- Employee expenses related to the novel coronavirus outbreak have skyrocketed in the last several weeks, a client data analysis by digital accounts payable company AppZen found.
- Crisis-related expenses jumped by more than 100%, week-over-week, beginning in early February and almost tripled between the last week of February and the first week of March, the company’s analysis of sample data sets found.
- The data suggests finance leaders are being flexible in their expense rules to accommodate travel restrictions and remote-work policies.
"CFOs have been doing the right thing for the safety of their employees,"Anant Kale, AppZen co-founder and CEO, told CFO Dive Tuesday. "They’re letting people spend outside of the regular processes and trusting them to make the right decisions. In the urgency of time, new reimbursement policies are being done through expense reports."
The company defines crisis-related employee expenses as face masks, cleaning supplies, remote-work related resources, canceled trip charges, and extended-stay costs for employees unable to return from a business trip.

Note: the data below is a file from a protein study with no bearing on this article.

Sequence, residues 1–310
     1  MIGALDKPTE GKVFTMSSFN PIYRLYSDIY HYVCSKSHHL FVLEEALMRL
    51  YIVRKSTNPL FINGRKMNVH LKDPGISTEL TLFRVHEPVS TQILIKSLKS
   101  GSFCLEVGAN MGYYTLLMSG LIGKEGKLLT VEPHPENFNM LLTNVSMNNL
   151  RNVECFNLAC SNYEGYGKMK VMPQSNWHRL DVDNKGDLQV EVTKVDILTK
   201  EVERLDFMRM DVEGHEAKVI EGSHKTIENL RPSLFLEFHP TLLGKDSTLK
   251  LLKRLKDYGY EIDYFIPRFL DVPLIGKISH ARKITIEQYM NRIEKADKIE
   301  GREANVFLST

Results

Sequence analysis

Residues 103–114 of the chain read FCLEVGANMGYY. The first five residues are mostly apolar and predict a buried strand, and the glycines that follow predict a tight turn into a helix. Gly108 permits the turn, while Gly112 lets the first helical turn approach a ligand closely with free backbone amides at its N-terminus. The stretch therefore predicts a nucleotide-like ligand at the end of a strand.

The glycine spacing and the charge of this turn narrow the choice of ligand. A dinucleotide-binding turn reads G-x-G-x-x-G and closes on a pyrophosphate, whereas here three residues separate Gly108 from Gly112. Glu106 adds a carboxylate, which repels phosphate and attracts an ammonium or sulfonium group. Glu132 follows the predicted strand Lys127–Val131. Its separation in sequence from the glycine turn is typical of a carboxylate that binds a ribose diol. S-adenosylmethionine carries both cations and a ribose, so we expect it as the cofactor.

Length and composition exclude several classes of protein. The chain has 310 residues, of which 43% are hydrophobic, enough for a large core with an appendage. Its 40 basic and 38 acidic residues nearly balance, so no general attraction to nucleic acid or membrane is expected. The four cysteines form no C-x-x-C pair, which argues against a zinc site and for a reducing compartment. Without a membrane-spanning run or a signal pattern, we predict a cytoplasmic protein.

Canceled business trips comprise most of the costs. Of just over 1,500 claims in a data sample, almost 70% were business trip-related. These costs include ticket refunds and penalties for not canceling hotel rooms within the allowed time period, among others.
Face masks are the next biggest expense, at about 22%. Costs related to remote work and cleaning supplies are other categories.
The remote work expenses are mostly IT-related services, like those related to connectivity, and devices, including monitors and cables. "We usually don’t see that," Kale said.
By industry, hotels and entertainment — both of which have been hit hard by travel and restrictions on gatherings — along with life sciences organizations, account for one-third of the expenses generated. Government and telecoms were the next biggest sectors generating expenses, followed by logistics, manufacturing, software and finance, which comprised about a quarter. Drug companies and healthcare organizations had the smallest share of crisis expenses.
In data that tracks closely with the spread of the outbreak, the increase in crisis-related expenses came first from China, Hong Kong and other Asian countries, then Europe, and now they’re seeing an increase in the United States.
Kale said his company will keep tracking the trends as the outbreak unfolds. "We’ll continue to keep this data updated on a daily basis," he said.